(Meredith) – A Seattle woman died from a rare, brain-eating amoeba after rinsing her nasal cavity with tap water to clear up a sinus infection.

The 69-year-old woman had been using a neti pot with filtered tap water twice daily to alleviate her symptoms, according to a report published in the International Journal of Infectious Disease.

Only saline or sterile water should be used for sinus irrigation.

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Patient's nasal sore, brain-eating amoeba

The nasal sore, initially believed to be rosacea, preceded the patient’s brain lesion and never resolved.

After about a month of clearing her sinuses with non-sterile water, she developed a quarter-sized rash on the right side of her nose. Her doctor thought it was rosacea and prescribed her an ointment, according to the case study. The rash never cleared up, so she went to a dermatologist. Biopsies of the nasal sore were taken on three separate occasions but provided no definite diagnosis. 

About a year later, in January 2018, the woman was admitted to Swedish Medical Center in Seattle after suffering a seizure. Doctors took a CT scan of her brain and found what they initially thought was a tumor. 

“When I operated on this lady, a section of her brain about the size of a golf ball was bloody mush,” Dr. Charles Cobbs, neurosurgeon at Swedish, told the Seattle Times. “There were these amoeba all over the place just eating brain cells. We didn’t have any clue what was going on, but when we got the actual tissue we could see it was the amoeba.”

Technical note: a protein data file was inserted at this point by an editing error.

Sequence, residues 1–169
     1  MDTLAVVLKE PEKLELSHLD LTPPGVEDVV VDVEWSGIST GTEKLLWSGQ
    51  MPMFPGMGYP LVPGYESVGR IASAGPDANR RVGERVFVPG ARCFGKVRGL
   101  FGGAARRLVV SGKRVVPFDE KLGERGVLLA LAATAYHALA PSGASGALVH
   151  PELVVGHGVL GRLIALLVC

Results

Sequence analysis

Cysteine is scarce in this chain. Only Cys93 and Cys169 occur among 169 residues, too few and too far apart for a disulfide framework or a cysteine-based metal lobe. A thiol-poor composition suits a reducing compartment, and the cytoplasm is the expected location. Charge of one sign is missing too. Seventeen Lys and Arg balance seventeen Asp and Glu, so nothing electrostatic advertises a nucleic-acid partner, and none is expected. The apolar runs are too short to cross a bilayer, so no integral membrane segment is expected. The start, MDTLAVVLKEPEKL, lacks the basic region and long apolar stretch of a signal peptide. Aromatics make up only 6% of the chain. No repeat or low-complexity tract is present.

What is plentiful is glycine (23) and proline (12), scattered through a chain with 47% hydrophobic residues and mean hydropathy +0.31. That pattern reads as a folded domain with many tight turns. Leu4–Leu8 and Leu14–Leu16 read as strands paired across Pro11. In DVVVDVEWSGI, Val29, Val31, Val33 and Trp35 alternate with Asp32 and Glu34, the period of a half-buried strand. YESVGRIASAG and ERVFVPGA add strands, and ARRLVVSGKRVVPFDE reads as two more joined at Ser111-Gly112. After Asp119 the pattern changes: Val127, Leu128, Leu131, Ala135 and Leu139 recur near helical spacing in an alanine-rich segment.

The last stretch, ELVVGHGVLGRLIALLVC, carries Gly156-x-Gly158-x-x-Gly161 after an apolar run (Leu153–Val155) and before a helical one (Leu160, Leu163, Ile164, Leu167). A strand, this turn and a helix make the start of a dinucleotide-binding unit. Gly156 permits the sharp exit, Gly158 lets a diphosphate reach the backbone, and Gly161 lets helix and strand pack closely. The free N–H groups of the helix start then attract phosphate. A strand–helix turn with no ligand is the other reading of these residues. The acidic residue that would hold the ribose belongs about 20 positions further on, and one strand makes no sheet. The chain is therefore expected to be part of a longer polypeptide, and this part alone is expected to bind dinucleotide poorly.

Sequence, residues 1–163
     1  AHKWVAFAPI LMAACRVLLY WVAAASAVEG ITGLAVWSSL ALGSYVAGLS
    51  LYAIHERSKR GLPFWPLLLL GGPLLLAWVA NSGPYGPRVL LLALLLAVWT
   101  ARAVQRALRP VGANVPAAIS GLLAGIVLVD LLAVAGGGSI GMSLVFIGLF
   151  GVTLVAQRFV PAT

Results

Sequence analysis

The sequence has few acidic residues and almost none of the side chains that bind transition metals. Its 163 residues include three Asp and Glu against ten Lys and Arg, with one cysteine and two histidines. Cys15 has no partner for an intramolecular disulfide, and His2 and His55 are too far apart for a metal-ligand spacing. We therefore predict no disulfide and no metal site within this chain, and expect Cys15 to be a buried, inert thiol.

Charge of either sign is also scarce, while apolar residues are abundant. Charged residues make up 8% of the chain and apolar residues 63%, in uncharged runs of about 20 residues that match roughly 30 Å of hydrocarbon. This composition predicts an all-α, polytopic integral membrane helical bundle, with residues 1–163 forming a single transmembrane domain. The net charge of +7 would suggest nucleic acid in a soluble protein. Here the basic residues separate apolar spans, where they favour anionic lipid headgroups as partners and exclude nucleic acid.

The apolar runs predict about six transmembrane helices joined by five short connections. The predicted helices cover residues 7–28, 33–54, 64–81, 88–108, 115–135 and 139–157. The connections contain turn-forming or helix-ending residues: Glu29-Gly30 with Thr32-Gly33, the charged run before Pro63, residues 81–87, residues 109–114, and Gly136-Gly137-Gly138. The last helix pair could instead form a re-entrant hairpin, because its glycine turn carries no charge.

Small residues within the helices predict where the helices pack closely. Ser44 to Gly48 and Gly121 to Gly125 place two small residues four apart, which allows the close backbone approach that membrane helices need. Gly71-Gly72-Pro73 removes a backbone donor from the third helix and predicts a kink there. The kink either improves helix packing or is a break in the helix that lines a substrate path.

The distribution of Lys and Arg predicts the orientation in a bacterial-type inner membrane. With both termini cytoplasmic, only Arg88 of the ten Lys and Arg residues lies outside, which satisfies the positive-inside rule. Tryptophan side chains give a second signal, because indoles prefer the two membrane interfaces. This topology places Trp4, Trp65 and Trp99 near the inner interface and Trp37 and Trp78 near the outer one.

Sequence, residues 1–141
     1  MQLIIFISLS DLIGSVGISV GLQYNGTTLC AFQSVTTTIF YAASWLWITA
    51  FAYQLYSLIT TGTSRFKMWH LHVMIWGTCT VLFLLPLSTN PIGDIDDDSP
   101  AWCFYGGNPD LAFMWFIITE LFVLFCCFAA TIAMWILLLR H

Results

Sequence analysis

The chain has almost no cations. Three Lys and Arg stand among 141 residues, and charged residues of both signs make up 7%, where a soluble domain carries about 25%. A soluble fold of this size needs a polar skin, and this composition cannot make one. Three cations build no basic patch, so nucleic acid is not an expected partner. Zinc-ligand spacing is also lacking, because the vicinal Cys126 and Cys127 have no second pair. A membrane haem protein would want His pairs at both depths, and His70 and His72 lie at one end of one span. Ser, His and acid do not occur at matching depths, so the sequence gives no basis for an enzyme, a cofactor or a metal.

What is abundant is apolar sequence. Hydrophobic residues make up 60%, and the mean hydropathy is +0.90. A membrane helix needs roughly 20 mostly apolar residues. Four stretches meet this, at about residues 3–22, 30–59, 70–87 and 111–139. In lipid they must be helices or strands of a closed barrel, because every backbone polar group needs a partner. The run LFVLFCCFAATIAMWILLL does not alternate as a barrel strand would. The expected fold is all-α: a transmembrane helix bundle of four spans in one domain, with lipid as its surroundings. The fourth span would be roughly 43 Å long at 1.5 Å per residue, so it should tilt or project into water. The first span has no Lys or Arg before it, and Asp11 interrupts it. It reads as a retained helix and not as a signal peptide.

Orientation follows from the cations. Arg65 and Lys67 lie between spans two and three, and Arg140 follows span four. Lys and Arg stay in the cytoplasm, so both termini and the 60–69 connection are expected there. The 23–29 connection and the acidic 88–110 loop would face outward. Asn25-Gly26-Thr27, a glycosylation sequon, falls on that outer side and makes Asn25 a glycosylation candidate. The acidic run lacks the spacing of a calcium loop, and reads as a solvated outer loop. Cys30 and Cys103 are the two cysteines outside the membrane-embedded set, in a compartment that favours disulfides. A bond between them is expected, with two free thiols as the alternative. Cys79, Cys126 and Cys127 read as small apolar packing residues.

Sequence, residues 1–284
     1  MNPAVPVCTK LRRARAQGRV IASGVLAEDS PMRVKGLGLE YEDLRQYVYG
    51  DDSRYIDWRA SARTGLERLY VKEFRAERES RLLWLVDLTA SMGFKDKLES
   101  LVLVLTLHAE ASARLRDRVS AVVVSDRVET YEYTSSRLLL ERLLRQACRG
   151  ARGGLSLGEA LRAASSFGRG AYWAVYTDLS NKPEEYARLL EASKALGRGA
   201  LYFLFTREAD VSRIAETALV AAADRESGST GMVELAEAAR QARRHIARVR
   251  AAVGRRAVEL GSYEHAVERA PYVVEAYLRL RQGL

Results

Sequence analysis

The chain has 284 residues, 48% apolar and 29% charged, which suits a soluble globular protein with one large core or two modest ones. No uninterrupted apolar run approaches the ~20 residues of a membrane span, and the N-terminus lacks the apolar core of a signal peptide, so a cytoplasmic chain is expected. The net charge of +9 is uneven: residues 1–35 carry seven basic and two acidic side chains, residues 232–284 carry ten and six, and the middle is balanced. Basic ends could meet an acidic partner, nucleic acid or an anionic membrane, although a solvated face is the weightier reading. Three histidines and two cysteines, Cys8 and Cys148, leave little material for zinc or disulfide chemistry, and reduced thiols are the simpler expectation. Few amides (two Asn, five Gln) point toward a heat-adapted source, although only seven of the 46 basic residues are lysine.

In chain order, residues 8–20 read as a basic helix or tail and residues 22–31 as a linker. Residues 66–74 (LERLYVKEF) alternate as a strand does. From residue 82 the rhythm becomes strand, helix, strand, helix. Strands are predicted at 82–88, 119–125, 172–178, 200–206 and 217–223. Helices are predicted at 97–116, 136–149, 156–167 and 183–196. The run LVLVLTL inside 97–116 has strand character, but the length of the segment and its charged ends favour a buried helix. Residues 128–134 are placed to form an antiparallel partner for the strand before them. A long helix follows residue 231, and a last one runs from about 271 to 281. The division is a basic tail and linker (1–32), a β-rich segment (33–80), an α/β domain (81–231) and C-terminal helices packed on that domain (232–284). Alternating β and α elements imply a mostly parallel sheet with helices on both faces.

Following the amoeba diagnosis, doctors at Swedish contacted the Centers for Disease Control and Prevention in Atlanta to obtain a specific medicine to treat her condition. By the time it arrived, she could not be saved. 

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Balamuthia mandrillaris

Balamuthia mandrillaris is a free-living amoeba (a single-celled living organism) naturally found in the environment. It can cause a rare and serious infection of the brain and spinal cord.

Tests after death concluded the woman died of Balamuthia mandrillaris, an amoeba found in soil and fresh water. Researchers believe the rare organisms entered her brain after being injected into her nasal cavity by way of the neti pot.  

"She had been using water that had been put through a filter, and maybe it had been sitting there and somehow the amoeba from somewhere else got in there. So that’s what we suspect is the source of the infection,” Cobbs told KIRO-TV.

 “This is so rare. There have only been like 200 cases, ever,” he continued. “It’s not something to be scared about because it’s extraordinarily rare, but still there’s a lot to learn.”

Copyright 2018 Meredith Corporation. All rights reserved. 

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